Skeptics III LP Back Cover
'Feeling Bad' is slower and might have given the listener some time to rest and reflect, but the intensity returns in the form of gigantic crushing unrelenting rhythmic samples. 'Agitator' starts off as a more smoothing effort with David D’Ath singing (yes, he is singing on this album) over a conventional sounding keyboard. That abruptly clangs into a running piece of sampled randomness before it segues into the final third of the song which dips into a near hallucinogenic soundscape of huge slow-moving bass heavy textures, voice and guitars. This is music that is grand and technologically symphonic. 'Turnover' changes the pace and turns on a heavy bass grind with a “thistle” and David D’Ath's voice flitting above the monstrous musical churn below before the song mutates and embarks on one last bout of crushing rhythm.
Side 2 opens with 'La Motta' and it instantly sounds ominous with a slowly building sampled soundscape, with clangs with metallic collisions accompanying D’Aths imposing vocal “I see stars”. The soundtrack is crowded with more found sounds before fading. 'Notice' feels straightforward but slowly transmutes in and around its rhythmic core through the hard metal environment in which it exists. 'Rain' opens with some excellent Nick Roughan’s bass playing which is extraordinary throughout this album. There is soon a lighter, almost dinky keyboard motif repeated here but the song isn’t in danger of slipping anywhere near the conventional. 'Luna' has some impressive drumming from Don White holding everything together and making sense of the song while trumpets squawk and the orcas sing. The album ends with 'Crave', which has its own heavy rhythm machine thing going full bore, drilling a grapefruit sized hole in your already badly compromised head. Why would anyone want to listen to heavy metal when they could live with this album?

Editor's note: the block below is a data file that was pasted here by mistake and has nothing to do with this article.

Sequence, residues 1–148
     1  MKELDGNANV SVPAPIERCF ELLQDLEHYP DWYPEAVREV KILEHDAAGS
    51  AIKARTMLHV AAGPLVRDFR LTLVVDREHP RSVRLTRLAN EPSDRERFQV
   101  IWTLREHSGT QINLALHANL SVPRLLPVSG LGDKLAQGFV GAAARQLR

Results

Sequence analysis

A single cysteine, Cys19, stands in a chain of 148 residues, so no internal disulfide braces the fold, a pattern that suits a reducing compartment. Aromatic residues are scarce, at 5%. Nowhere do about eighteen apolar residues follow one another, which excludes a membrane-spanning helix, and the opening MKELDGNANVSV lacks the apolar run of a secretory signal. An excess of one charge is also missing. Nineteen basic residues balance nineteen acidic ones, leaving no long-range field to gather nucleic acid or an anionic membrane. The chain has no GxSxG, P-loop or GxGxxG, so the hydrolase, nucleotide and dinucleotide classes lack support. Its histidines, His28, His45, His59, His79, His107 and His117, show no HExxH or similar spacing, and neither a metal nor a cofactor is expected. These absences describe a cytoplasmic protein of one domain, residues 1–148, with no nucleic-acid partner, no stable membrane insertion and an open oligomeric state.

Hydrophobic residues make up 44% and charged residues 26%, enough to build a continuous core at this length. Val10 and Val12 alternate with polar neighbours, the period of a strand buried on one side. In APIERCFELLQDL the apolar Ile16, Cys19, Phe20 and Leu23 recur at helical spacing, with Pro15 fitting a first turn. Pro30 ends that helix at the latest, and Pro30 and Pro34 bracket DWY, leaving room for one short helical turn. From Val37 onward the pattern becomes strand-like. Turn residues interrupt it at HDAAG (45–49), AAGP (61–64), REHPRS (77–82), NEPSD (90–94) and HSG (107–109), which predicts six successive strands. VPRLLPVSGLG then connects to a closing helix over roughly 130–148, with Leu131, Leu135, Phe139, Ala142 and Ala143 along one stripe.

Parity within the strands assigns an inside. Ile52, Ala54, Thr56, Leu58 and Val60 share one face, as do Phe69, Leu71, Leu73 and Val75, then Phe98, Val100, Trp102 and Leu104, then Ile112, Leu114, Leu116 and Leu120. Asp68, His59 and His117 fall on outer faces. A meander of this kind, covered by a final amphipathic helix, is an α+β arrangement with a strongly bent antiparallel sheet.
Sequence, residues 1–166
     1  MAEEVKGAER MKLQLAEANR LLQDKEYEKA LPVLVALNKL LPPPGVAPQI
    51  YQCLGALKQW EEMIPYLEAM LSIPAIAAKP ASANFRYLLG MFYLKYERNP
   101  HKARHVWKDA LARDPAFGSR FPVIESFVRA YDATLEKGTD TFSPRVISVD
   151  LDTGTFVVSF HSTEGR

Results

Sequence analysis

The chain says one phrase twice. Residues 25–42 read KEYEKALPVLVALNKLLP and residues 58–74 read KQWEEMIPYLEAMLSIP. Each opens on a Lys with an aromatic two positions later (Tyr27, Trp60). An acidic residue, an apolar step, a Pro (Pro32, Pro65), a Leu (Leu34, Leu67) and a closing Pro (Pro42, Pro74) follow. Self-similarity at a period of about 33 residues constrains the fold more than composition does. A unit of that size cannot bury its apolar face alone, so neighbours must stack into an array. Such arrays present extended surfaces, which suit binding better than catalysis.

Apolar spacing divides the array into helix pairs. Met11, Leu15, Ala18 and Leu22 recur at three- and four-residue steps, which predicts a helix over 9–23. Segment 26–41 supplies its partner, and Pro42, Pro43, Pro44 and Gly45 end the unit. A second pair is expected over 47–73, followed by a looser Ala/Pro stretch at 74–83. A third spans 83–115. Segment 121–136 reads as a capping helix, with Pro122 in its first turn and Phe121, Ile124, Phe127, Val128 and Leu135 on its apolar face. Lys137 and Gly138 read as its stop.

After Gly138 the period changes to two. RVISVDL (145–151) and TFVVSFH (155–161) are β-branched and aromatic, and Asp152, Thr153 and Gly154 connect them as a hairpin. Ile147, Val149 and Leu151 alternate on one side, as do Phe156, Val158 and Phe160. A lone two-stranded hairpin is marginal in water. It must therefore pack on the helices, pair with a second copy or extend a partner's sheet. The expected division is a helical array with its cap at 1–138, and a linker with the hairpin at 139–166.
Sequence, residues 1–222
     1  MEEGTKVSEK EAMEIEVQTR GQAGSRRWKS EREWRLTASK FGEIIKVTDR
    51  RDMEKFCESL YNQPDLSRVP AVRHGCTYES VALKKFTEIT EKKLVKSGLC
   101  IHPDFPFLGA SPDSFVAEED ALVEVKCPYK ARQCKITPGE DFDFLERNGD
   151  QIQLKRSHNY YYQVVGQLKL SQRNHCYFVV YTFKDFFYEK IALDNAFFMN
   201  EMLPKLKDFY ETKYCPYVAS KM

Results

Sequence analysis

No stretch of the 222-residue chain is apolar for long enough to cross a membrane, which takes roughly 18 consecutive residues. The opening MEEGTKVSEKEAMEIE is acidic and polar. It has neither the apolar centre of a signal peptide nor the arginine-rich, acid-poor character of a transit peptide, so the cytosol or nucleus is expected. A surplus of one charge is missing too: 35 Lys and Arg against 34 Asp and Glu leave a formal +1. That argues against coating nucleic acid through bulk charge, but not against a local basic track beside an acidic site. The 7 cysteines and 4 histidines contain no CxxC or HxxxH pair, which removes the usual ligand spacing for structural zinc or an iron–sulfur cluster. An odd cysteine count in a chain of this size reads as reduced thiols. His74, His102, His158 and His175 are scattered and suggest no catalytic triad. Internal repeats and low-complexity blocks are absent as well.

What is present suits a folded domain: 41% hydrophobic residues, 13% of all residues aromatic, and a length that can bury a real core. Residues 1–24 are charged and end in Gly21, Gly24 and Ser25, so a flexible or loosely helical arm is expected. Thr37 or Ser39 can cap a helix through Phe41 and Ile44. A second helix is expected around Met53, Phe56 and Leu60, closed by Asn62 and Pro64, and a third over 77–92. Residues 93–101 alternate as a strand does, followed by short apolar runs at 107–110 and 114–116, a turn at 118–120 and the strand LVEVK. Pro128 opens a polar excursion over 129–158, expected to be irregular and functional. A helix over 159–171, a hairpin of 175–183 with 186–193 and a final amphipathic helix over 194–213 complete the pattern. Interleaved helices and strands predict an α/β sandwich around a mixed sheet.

Two videos were made for songs on this album. The band had played some shows with the Headless Chickens and were impressed with their visuals and felt they needed some too. Antonio Cornaga, who had worked with Fetus Productions and had already contributed some film that the band had used as projections when playing live, made a video for 'Agitator', where we get an often ghostly sense of David D’Ath’s look and movement.
Music videos were important for bands all throughout the 1980's. For the right song, a “well-made” video would get repeat screenings on the few outlets available on Television New Zealand. Stuart Page's video for 'Affco' was memorable in a way that Antonio Cornaga’s “ethereal” 'Agitator' wasn’t. Cut sharply to the song and featuring animals alive then slaughtered, with David D’Ath smeared with blood and wrapped in cling film, the video was very strong visually. Too strong for Television New Zealand who declined to show it. Both of these videos offer rare moving image glimpses of the late David D’Ath at the top of his game as singer, frontman and extraordinary person.
WARNING: GRAPHIC CONTENT
Skeptics III was the first recorded output by the phase 2 Skeptics. There had been a subtle shift in the line-up, but a huge change to the band's outlook. They had new found confidence and they were experimenting with a free and adventurous exploration of new technologies. The songs and the new sounds are well arranged and it felt as though David D’Ath had found his voice. The influence of John Halvorsen and Brent McLachlan is not to be underestimated. Engineered by Brent McLaughin and Nick Roughan and produced by Brent McLachlan and The Skeptics, this is the album that announced that Writhe was a first class New Zealand studio. The Skeptics had finally found their sound and it was truly formidable - they had arrived.